Did you know … bees feed us

by Alison Jones

Bees pollinate many crops that we enjoy eating! According to 10 crops that would disappear without bees, “more than $15 billion worth of crops are pollinated by bees each year just in the United States alone. Put another way, one of every three bites of food Americans consume comes from a plant visited by bees or other pollinators.” Among crops that would disappear if bees did not exist — apples, almonds, blueberries, cherries, avocados, cucumbers, onions, grapefruits, oranges, and pumpkins, to name a few.

Did you know that bees have been disappearing at an alarming rate? According to the United States Department of Agriculture,

Colony Collapse Disorder (CCD) is a serious problem threatening the health of
honey bees and the economic stability of commercial beekeeping and pollination
operations in the United States. The main symptom of CCD is very low or no adult honey bees present in the hive
but with a live queen and no dead honey bee bodies present. Often there is still
honey in the hive, and immature bees (brood) are present.

CCD is not fully understood, and a single cause has not yet been identified. It may be a virus, bacteria, fungi, parasites, or stress, or some combination of these factors.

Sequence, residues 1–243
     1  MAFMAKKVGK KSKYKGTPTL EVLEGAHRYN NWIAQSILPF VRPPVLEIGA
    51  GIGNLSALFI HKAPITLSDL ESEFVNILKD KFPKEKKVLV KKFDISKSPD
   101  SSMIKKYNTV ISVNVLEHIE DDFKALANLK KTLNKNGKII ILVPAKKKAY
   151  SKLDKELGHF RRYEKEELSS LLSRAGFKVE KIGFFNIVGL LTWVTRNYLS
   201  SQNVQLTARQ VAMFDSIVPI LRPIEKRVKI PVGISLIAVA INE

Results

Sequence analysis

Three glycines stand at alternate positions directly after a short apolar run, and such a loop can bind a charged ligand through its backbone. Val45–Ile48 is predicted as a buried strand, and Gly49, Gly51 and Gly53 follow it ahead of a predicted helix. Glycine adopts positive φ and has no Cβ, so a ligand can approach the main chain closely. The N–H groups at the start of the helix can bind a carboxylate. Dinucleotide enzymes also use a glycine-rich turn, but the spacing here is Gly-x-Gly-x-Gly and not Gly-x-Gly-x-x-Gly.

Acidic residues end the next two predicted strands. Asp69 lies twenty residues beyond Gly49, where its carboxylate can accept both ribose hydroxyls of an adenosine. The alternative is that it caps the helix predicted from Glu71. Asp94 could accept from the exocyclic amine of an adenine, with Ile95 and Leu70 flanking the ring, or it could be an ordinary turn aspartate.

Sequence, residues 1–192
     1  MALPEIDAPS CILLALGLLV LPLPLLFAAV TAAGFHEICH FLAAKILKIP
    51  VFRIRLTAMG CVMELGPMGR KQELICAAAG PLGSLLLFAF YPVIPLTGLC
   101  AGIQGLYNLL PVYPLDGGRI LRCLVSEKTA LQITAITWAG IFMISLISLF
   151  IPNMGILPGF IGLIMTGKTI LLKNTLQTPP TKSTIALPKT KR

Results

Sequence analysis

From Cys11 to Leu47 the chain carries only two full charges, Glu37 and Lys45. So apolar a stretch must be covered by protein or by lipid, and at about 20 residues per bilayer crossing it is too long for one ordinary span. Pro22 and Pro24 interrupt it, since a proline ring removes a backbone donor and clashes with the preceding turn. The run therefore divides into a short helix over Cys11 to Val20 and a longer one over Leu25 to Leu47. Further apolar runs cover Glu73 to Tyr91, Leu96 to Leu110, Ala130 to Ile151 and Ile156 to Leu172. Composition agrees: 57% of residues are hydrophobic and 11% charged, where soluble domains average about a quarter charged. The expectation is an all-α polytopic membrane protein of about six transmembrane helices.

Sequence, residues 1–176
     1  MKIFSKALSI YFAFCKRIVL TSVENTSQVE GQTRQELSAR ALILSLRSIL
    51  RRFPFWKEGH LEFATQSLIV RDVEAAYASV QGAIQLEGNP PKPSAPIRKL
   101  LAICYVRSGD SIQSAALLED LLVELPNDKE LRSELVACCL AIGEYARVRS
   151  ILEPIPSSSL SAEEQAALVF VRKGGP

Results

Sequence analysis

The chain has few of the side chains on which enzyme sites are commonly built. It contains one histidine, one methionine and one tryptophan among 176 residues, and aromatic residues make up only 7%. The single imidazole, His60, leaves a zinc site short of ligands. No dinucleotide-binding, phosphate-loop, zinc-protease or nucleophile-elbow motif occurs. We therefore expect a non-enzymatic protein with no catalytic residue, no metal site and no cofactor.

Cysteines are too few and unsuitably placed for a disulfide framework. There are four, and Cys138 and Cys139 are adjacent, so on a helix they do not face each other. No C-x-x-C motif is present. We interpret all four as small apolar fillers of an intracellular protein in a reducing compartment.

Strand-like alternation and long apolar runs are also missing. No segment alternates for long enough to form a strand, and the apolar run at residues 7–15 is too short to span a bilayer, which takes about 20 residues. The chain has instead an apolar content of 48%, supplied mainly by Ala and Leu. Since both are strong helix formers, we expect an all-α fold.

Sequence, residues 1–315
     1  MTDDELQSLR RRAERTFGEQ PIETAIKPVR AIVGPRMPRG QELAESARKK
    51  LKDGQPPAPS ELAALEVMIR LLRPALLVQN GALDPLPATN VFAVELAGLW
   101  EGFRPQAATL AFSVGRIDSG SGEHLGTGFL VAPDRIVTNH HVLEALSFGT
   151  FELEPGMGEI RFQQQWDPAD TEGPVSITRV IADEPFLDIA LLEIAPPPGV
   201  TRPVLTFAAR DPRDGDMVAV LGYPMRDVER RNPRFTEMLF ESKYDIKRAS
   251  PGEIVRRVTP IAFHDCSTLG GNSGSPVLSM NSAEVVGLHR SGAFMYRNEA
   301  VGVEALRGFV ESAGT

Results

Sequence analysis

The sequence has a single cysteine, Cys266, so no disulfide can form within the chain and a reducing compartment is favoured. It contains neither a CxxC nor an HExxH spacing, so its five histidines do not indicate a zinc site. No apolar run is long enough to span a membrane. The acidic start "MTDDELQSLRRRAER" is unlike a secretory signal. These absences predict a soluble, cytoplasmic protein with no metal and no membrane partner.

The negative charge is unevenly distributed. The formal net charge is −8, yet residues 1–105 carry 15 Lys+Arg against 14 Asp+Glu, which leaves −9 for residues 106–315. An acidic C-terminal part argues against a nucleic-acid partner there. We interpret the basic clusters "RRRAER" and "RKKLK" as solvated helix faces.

Photo courtesy of Phil Dalto.

3 thoughts on “Did you know … bees feed us”

  1. According to that article, it was a neonicotinoid insecticide that was causing the problem. Seeds soaked in insecticide are not the same thing as genetically-modified seeds. Neonicitinoids are a fairly new type of insecticide, which are extremely dangerous from the perspective of human health and the environment, so no surprise that they would also cause a problem with bees.

    The problem with CCD, however, is that there are many similar stories where X was changed, and the CCD problem disappeared, which is why it has not been linked to a single cause. There are probably a variety of causes or some perfectly lethal combination that hasn't been discovered yet. GMOs are probably a part of the problem.


Leave a Comment

Join me online